When did you realize that "newbie" wouldn't cut it in the ER? - page 4

Just curious to hear some of your stories regarding orienting nurses (either new grads or transfers) to the ER and when/how you know if someone is cut out for the ER or not.... Read More

  1. by   Pudnluv
    I really don't think the orientation period is the best time to judge whether a new nurse will make it or not. I've seen some nurse who do really well while on orientation, then fall on their faces when left alone. Also, I think you need to give newbies at least 6 months to a year to really acclimate to the ED. It's a whole different way of thinking in the ED. I know someone won't make it when I see that they never learn time management and they become too task oriented. Also, the ones that never seem to be able to look at whole picture and think critically. One thing I tell the new nurses that come from the floor is, this is not floor nursing. On the floor you hae a diagnoses and set plan of action. In the ED, everything new that comes in is a mystery to be solved. When you get that patient with abdominal pain, you need to think of everything it can be, start with the worse case scenario and work down from there. The nurses who can't grasp that are the ones that will never make it in the ED. Still, I believe in giving most nurses at least a year to learn this.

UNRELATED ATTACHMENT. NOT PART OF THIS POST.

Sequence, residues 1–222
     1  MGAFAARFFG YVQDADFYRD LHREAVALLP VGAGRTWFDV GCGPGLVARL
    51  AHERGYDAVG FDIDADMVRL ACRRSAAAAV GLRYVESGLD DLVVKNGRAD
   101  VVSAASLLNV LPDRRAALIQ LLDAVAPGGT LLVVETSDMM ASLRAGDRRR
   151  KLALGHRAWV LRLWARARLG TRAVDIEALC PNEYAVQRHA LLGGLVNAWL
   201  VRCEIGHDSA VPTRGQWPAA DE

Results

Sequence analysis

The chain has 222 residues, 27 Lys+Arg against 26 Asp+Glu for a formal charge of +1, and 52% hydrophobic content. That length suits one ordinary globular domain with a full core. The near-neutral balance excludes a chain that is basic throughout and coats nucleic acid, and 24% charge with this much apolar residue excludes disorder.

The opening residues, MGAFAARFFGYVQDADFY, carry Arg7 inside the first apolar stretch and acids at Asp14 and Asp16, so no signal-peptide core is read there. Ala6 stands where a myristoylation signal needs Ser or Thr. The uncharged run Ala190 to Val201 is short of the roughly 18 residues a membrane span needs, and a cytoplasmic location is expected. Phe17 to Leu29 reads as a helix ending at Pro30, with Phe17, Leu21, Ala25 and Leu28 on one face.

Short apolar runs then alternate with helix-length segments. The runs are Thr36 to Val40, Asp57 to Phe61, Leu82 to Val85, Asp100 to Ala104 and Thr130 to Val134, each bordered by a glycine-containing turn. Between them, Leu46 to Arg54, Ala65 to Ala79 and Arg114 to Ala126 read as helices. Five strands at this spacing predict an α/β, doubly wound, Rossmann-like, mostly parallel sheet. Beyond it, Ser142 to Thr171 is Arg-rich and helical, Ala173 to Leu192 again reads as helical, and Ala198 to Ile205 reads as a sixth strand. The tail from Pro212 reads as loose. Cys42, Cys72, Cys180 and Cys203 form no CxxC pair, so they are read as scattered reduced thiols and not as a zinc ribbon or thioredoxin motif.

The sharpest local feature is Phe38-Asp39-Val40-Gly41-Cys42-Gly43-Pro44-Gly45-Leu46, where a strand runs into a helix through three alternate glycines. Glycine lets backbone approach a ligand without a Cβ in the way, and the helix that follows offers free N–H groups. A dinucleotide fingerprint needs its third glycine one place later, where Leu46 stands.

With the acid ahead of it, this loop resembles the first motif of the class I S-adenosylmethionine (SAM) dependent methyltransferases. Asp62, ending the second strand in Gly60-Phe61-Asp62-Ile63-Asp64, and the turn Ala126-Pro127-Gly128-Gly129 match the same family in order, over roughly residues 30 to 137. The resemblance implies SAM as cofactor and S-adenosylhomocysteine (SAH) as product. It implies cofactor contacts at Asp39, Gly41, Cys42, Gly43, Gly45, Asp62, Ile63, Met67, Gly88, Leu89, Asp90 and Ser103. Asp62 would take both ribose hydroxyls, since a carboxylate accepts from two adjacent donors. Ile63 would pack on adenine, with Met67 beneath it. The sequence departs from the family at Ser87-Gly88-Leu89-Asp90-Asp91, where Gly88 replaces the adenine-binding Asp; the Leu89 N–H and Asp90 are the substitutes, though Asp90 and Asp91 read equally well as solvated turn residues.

2. by   SillyStudent
    I try to never judge new nurses in the orientation period. I have raised my eyebrows a few times, I will admit. Orientees tend to lean on their preceptor and ask them questions they already know the answer to. I think verifying their knowledge is a great thing. However, by 3 or 6 months out of orientation, they are either getting it, or completely flipped out and miserable.
  3. by   Sassy5d
    I made it past 6 months.. Just want to add a little something.
    I'm gravy at stuff that comes in frequently. I'm good at MI's, DKA,Seizures,strokes.. I know what's going on and what meds will be given ect.

    What I don't get to see a lot of, for instance, overdoses that just didn't respond to narcan.. All labs are critical, pt's critical, we're doing tons of drips and meds and ET tubes ect.. I don't do this very often.. So essentially, I'm really just a newish nurse in the room. I'm vague on meds and how fast to give them or if the dose the doc is rambling off is really what they want. So I take a deep breathe and feel like I'm back on day 1 of orientation.
    I'm not afraid to speak up, but I would hope people wouldn't be rolling their eyes at the 'newbie' making rookie mistakes
  4. by   exit96
    Probably when everyone gave up on the newbie...we really get hardened quickly don't we??...
    Addendum: there is no shortage of "non newbie RN's" that don't cut it, but have somehow survived.
  5. by   canoehead

    Yes, my reply was to your comment. Sorry so late in answering.
  6. by   SillyStudent
    Most of our newbies make it. I am referring to both new grads and nurses from other specialties.

    Actually, I prefer to train new grads. They don't have any expectations. Sometimes I run into experienced nurses from other specialties that grate on me a little. You can only hear "We did it THIS way on ortho/medicine/surgery/tele" so many times before your hair stands on end. I listen to the rationale every single time, and patiently explain why we do it this way in the ER. Usually because we don't have the same supplies/equipment or that it is not our focus here.

    I had weird expectations when I transferred from SICU, and I probably said the same things.